This business aviation blog post is part of a series on operating to the Galapagos Islands.
The Galapagos Islands, a group of 19 islands some 620 miles west of the South American continent, are a remote and isolated region. Although there are three airports in the island group capable of General Aviation (GA) operations, each has its own restrictions with limited operating hours, aircraft parking, and service options. It’s also important to be mindful of unique Customs, Immigration, and Quarantine (CIQ) clearance procedures/requirements when planning a trip to the islands.
The following is an overview of what you need to know:
1. The Galapagos has no airports of entry
The Galapagos have three primary airports – Seymour (SEGS), General Villamil (SEII), and San Cristobal (SEST) – but none is an Airport of Entry (AOE). No overtime is possible at any of these locations, and no night-time operations are permitted. All aircraft operating to the Galapagos must first land at an AOE on the Ecuadorian mainland – – to clear CIQ inbound and return to an AOE on the mainland to clear outbound CIQ. Ecuador Civil Aviation Authority (CAA) will not approve international flights to/from the Galapagos under any circumstances. You’ll also need to set up airport formalities and ground handling arrangements in advance for your stop(s) in the Galapagos.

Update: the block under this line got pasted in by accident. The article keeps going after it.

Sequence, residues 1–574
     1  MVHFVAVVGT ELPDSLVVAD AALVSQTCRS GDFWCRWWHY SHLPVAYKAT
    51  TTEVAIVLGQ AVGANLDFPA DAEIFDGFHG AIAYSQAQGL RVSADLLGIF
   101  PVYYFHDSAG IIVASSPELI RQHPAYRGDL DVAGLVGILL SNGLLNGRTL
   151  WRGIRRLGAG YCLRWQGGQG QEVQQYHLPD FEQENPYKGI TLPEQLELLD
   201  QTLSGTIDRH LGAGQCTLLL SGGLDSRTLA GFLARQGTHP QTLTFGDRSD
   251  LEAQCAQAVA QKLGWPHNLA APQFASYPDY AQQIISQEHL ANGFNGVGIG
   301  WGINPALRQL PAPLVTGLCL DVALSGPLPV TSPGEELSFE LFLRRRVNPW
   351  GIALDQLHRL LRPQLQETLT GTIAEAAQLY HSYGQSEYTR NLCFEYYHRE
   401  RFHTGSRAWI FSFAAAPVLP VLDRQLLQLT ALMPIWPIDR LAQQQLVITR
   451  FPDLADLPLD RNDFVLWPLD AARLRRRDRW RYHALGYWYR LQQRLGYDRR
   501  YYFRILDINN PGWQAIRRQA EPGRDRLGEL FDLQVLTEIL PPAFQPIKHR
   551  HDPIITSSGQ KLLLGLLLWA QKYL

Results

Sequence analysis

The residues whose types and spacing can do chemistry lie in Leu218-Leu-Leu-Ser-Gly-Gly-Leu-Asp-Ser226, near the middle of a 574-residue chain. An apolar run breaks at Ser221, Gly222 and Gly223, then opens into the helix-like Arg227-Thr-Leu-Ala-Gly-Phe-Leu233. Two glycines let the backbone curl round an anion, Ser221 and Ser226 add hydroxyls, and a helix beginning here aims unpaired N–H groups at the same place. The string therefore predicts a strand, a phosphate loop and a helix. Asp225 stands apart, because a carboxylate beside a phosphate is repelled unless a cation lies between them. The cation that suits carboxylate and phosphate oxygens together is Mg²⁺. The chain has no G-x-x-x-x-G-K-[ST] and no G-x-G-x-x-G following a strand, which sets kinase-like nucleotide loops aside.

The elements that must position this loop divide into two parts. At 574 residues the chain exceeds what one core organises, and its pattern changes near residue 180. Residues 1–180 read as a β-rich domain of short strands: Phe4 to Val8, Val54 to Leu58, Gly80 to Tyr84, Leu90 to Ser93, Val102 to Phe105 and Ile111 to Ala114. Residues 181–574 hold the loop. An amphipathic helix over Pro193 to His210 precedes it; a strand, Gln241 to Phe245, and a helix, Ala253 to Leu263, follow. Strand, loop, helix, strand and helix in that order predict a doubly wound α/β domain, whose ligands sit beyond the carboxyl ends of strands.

2. Operating restrictions
Charter (non-scheduled commercial) flights are not permitted to operate to the Galapagos. Private non-revenue flights with more than 20 passengers are also prohibited from operations to the islands. Prior permission required is not needed for Galapagos operations, and the only airport requiring slots on the island chain is SEGS. There are no noise restrictions, at this time, to consider for any of the Galapagos Islands airports. There is no maintenance available at any of these airports, so it’s recommended that operators carry spare primary tires, as well as an enhanced spares kit, in the event there are issues after landing.
3. Local infrastructure
It’s important to be mindful that hotel and local transport options are very limited on the islands. Arrangements should be made several weeks in advance, particularly during high season.
4. Seymour (SEGS) airport information